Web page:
How important is running back Ray Rice to the Baltimore Ravens? In the 2011 season, the Ravens finished 12-4. Rice averaged only nine carries during those four losses, which includes an inexplicable five carries against the lowly Jacksonville Jaguars.
To say that Rice is an important part of the Baltimore Ravens' offense may be a slight understatement.
Rice has had a marvelous career thus far. The 2008 second-round pick has 4,377 rushing yards and 24 rushing touchdowns in 959 attempts. Considered to be one of the best all-purpose backs in the NFL, he also has 250 catches and 2,235 receiving yards to go along with five receiving touchdowns.
With all that said, how much of an investment should the Ravens make in one of the NFL's most dynamic running backs?
According to Michael David Smith of Pro Football Talk, Rice wants a contract similar to Tennessee Titans running back Chris Johnson's. Johnson received a six-year, $56 million contract. Most running backs average five years of solid production. Johnson's production slipped tremendously after signing his big deal.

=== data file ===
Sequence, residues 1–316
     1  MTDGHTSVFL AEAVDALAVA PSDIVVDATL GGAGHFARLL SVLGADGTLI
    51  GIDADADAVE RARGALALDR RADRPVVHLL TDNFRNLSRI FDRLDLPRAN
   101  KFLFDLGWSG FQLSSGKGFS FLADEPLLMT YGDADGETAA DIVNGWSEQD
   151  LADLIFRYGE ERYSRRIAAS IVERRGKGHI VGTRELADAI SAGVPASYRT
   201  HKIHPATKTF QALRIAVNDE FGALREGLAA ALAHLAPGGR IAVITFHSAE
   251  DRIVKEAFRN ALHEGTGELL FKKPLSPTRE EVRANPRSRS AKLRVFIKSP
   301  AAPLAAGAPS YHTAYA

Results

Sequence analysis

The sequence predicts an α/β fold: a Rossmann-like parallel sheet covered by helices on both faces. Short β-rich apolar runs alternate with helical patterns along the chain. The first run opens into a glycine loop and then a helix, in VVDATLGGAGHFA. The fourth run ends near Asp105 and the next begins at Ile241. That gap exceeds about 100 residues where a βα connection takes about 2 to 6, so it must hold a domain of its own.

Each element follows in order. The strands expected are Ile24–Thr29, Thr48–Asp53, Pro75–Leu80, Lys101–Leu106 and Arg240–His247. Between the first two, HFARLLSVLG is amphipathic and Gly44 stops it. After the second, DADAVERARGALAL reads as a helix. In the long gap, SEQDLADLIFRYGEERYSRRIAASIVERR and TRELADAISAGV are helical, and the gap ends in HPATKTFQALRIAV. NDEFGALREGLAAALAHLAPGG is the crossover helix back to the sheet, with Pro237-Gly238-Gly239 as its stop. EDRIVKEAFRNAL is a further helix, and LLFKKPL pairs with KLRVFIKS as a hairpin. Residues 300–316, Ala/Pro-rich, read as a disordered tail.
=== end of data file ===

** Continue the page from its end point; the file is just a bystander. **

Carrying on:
Need another example of a running back's production slipping after five years? Look no further than arguably the best running back in Baltimore Ravens history, Jamal Lewis.
Lewis averaged 1,321.8 yards a season in his first five active seasons (he missed 2001). In 2003, he rushed for 2,066 yards, and some say he was never the same since. In Lewis' last four campaigns, he averaged 984 yards rushing per season. His last season, 2009, was his worst, as he rushed for a career-low 500 yards.
Should the Ravens' front office be worried? Of course. Any time an organization gives out big money to a player, there is a risk, especially when that player is a running back in a pass-happy league. But Rice is different.
Rice enhances the passing game with his pass-catching and playmaking ability. His pass-blocking is also above average. If Joe Flacco is having one of his somewhat typical off days, the Ravens can take comfort in knowing that good 'ol No. 27 is in the backfield to take heat off the passing game.
The other thing to remember is that Rice spent a good portion of his career splitting carries with the likes of Le'Ron McClain and Willis McGahee. He does not have a bruising running style like his predecessor Jamal Lewis. Rice is more of a "make you miss" kind of back, although a solid between-the-tackles runner.
Considering his importance to the offense, his production and somewhat low mileage, the Ravens have to do what they can to make Ray Rice a Baltimore Raven for a long time.